3 Questions for Choosing the Best Trades
Recently I’ve been traveling all over the world for my Save the Reef documentary that will debut in June for World Ocean Day.
This upcoming documentary will open EVERYONE’S eyes because the reefs are much more important to our survival than you think.
So I’m sitting here today, after my latest crazy travel adventure, thinking about how grateful I am for all those involved in this documentary, my students and loyal readers, like you.
It has inspired me to remind you to build your own dream life.
For me that involves trading stocks, teaching, charity and travel. And if you study hard, work hard and become an expert in whatever you are most passionate about…
You can then make enough money to earn your freedom, and spend ALL your time focused on whatever you want.
You’ll never have to “work” a day in your life!
If you do take this path be ready to push yourself and challenge yourself more than you ever have.
So, without further ado, let’s finish up the five step process for trading low float stocks.
Yesterday, I talked about steps one and two… common stock patterns and technical and fundamental analysis for low float stocks.
Today, I’ll cover the remaining three steps…
3. Create a Low Float Stock List
There are thousands of low float stocks out there. So how do you determine the top contenders to trade? This is where the importance of developing a watchlist comes into play.
Everyone’s method for making a watchlist is a little bit different. If you need a starting point, you might consider using the method of one of my most successful students.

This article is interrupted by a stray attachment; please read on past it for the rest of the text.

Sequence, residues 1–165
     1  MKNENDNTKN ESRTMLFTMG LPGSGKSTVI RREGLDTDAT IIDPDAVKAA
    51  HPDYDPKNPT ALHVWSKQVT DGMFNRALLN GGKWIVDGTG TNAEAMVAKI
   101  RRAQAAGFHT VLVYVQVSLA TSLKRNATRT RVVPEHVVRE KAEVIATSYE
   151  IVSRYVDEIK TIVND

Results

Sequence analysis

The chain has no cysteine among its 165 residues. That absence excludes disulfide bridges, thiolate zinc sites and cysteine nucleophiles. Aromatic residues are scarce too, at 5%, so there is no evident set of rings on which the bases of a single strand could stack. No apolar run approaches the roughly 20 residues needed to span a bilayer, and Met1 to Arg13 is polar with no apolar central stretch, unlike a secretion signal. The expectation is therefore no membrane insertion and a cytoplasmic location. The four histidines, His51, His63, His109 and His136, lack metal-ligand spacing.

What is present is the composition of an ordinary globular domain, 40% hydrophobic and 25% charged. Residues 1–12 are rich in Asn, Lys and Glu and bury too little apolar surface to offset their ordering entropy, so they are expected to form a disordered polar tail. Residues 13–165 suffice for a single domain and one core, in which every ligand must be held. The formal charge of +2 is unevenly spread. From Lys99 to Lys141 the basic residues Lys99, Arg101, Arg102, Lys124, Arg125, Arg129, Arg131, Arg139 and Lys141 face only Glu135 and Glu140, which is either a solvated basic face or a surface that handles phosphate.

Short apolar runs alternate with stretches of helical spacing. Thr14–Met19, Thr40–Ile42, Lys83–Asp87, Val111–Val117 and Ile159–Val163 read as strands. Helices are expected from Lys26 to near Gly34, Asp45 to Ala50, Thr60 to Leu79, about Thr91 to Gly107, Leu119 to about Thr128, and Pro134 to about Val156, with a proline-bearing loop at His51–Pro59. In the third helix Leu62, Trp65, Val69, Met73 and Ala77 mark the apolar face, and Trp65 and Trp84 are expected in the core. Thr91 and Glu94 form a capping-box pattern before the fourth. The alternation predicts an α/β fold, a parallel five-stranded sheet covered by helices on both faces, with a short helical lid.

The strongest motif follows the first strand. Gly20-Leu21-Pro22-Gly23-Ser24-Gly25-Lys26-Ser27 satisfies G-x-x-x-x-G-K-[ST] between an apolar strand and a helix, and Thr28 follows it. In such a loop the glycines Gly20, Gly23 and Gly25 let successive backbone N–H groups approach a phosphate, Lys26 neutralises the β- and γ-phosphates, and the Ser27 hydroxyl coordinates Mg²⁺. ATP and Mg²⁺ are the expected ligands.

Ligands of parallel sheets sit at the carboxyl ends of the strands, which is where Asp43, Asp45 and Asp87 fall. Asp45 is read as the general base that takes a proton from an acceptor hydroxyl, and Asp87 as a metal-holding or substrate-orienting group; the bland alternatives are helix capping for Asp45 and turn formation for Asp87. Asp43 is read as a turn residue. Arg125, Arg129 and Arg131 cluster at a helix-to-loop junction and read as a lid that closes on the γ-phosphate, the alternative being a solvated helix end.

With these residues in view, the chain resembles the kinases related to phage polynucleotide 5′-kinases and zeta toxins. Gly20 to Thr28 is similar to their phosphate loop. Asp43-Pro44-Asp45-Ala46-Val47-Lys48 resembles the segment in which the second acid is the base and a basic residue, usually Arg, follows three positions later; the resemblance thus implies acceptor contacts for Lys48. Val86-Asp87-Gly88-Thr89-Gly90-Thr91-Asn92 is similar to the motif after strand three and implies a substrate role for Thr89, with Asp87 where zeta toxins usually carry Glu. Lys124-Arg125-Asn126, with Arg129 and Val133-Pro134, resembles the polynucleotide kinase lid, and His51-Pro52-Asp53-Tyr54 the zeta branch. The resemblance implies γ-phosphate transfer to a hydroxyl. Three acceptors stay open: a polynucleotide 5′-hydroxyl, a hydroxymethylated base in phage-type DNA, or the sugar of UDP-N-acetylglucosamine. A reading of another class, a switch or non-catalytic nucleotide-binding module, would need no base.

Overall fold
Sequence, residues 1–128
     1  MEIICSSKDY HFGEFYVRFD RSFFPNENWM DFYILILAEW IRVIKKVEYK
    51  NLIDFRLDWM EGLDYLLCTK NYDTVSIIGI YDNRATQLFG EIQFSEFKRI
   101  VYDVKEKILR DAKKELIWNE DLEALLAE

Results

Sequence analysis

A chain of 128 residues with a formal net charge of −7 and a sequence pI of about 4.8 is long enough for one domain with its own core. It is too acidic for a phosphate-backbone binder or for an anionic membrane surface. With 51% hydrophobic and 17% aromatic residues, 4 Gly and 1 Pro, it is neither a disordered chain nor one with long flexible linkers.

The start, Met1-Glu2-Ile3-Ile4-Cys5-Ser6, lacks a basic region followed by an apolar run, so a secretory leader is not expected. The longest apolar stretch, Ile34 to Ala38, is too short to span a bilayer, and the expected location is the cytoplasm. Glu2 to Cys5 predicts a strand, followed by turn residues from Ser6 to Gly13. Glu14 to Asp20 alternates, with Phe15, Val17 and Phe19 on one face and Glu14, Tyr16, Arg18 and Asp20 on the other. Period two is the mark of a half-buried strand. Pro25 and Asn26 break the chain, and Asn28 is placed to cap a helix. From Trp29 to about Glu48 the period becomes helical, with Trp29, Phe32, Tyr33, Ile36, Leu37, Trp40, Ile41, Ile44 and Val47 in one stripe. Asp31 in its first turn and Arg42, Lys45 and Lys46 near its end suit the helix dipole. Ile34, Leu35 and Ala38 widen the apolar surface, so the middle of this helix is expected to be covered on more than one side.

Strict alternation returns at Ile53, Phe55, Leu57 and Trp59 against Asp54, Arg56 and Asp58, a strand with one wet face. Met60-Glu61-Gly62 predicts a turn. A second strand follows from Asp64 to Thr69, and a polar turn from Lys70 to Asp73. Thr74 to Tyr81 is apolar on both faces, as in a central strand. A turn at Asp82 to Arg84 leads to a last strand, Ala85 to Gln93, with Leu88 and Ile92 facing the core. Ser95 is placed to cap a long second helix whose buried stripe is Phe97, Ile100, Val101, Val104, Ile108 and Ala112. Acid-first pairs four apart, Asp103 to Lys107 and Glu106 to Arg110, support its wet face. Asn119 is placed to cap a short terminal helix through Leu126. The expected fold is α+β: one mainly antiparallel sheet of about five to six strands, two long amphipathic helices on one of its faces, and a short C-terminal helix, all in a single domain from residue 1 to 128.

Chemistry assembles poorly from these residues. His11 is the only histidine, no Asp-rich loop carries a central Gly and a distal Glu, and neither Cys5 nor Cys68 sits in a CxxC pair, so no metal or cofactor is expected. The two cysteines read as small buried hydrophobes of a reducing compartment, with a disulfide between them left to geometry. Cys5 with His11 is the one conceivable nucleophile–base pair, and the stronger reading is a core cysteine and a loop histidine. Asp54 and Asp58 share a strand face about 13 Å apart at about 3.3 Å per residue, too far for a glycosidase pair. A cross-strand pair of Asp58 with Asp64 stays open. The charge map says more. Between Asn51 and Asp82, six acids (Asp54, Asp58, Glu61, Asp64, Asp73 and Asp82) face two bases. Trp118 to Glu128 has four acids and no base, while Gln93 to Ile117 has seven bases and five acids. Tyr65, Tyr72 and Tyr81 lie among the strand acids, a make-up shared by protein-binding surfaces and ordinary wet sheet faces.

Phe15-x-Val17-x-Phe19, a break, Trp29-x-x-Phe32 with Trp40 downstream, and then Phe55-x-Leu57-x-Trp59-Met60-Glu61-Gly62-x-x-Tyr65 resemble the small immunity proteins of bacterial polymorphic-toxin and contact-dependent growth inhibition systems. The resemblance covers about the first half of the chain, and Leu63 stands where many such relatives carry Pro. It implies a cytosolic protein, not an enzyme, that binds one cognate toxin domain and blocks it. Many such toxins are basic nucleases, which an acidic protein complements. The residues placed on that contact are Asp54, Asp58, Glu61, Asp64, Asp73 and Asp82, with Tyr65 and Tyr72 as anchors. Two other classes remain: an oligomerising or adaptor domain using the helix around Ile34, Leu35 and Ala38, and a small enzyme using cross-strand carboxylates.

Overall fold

He may start with a list of stocks that are up 10% for the day, trading around 300 million in volume. This list might consist of 5 stocks, or it might be as many as 20; it depends on the day and the market.
From there, he’ll go through every stock on the list and look at the daily charts to see if any patterns emerge or if anything seems to show promise.
Doing this can help determine if your approach will be to go long or to short.
Often, this will further narrow things down, because you don’t want a massive watchlist or you’ll be so busy chasing stocks that you might not be focused on the strongest prospects.
The few that seem most promising can be added to your watchlist. By performing this series of quick research, you can really narrow down your choices so that you can focus on the best contenders.
If you want to continue with this technique, go ahead and add it to a spreadsheet and design a trading plan for the few that seem most promising.
This preparation will help determine that if any of the stocks meet your criteria, you’ll be able to react ahead of the curve.
Having trouble narrowing down what should go on your watchlist? Ask yourself these questions to choose the best trades for you:
- Which patterns have you had the most success with?
- Where’s the most volatility (and most potential for profit)?
- Which way is the stock gapping pre-market?
4. Look For Low Float Stocks With High Volume
When looking at any potential stock, you should look at its volume. But this is extremely important when it comes to low float stocks.
With the lower supply in low float stocks, volume can be a powerful indicator that the price is going to see some action. The volume is more meaningful because of the lower supply that comes with low float stocks.
Bar charts can help you figure out the volume fast — they also give you the ability to quickly scope out any trends in the volume of a stock.
If the bars in the chart are higher than usual, this means that the stock is experiencing high volume.